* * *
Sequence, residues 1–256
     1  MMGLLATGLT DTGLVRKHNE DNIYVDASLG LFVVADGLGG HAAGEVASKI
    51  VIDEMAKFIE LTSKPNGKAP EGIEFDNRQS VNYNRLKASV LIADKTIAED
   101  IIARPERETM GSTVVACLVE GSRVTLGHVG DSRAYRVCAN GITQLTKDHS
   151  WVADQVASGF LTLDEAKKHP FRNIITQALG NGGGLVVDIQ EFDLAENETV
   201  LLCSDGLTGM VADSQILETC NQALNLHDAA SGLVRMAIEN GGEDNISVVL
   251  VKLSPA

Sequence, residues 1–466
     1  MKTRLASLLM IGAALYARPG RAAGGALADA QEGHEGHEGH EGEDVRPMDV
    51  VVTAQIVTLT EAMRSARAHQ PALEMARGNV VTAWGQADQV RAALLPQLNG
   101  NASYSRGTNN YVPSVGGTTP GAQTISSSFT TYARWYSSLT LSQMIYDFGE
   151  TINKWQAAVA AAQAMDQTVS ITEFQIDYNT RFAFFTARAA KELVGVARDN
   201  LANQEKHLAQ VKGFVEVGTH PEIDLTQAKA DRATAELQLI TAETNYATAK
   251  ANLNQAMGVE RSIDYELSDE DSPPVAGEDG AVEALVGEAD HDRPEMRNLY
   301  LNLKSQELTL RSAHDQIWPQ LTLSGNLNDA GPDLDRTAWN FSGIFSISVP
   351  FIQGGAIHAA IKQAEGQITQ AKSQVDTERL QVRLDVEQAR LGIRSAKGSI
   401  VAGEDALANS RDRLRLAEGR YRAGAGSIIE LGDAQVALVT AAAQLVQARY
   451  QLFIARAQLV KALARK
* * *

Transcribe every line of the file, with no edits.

Sequence, residues 1–256
     1  MMGLLATGLT DTGLVRKHNE DNIYVDASLG LFVVADGLGG HAAGEVASKI
    51  VIDEMAKFIE LTSKPNGKAP EGIEFDNRQS VNYNRLKASV LIADKTIAED
   101  IIARPERETM GSTVVACLVE GSRVTLGHVG DSRAYRVCAN GITQLTKDHS
   151  WVADQVASGF LTLDEAKKHP FRNIITQALG NGGGLVVDIQ EFDLAENETV
   201  LLCSDGLTGM VADSQILETC NQALNLHDAA SGLVRMAIEN GGEDNISVVL
   251  VKLSPA

Sequence, residues 1–466
     1  MKTRLASLLM IGAALYARPG RAAGGALADA QEGHEGHEGH EGEDVRPMDV
    51  VVTAQIVTLT EAMRSARAHQ PALEMARGNV VTAWGQADQV RAALLPQLNG
   101  NASYSRGTNN YVPSVGGTTP GAQTISSSFT TYARWYSSLT LSQMIYDFGE
   151  TINKWQAAVA AAQAMDQTVS ITEFQIDYNT RFAFFTARAA KELVGVARDN
   201  LANQEKHLAQ VKGFVEVGTH PEIDLTQAKA DRATAELQLI TAETNYATAK
   251  ANLNQAMGVE RSIDYELSDE DSPPVAGEDG AVEALVGEAD HDRPEMRNLY
   301  LNLKSQELTL RSAHDQIWPQ LTLSGNLNDA GPDLDRTAWN FSGIFSISVP
   351  FIQGGAIHAA IKQAEGQITQ AKSQVDTERL QVRLDVEQAR LGIRSAKGSI
   401  VAGEDALANS RDRLRLAEGR YRAGAGSIIE LGDAQVALVT AAAQLVQARY
   451  QLFIARAQLV KALARK